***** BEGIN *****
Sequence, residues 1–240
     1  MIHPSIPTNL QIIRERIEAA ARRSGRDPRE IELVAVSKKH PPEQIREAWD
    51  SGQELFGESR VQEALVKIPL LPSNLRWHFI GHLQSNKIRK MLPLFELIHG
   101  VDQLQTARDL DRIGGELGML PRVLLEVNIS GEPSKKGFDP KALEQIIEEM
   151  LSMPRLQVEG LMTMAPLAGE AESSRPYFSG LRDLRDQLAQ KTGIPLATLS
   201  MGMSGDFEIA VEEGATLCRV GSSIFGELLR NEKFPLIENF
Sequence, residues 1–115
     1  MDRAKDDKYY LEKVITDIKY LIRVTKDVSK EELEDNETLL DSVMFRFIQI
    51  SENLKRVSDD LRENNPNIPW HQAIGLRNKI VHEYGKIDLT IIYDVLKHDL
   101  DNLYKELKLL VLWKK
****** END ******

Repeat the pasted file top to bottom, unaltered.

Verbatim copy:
Sequence, residues 1–240
     1  MIHPSIPTNL QIIRERIEAA ARRSGRDPRE IELVAVSKKH PPEQIREAWD
    51  SGQELFGESR VQEALVKIPL LPSNLRWHFI GHLQSNKIRK MLPLFELIHG
   101  VDQLQTARDL DRIGGELGML PRVLLEVNIS GEPSKKGFDP KALEQIIEEM
   151  LSMPRLQVEG LMTMAPLAGE AESSRPYFSG LRDLRDQLAQ KTGIPLATLS
   201  MGMSGDFEIA VEEGATLCRV GSSIFGELLR NEKFPLIENF
Sequence, residues 1–115
     1  MDRAKDDKYY LEKVITDIKY LIRVTKDVSK EELEDNETLL DSVMFRFIQI
    51  SENLKRVSDD LRENNPNIPW HQAIGLRNKI VHEYGKIDLT IIYDVLKHDL
   101  DNLYKELKLL VLWKK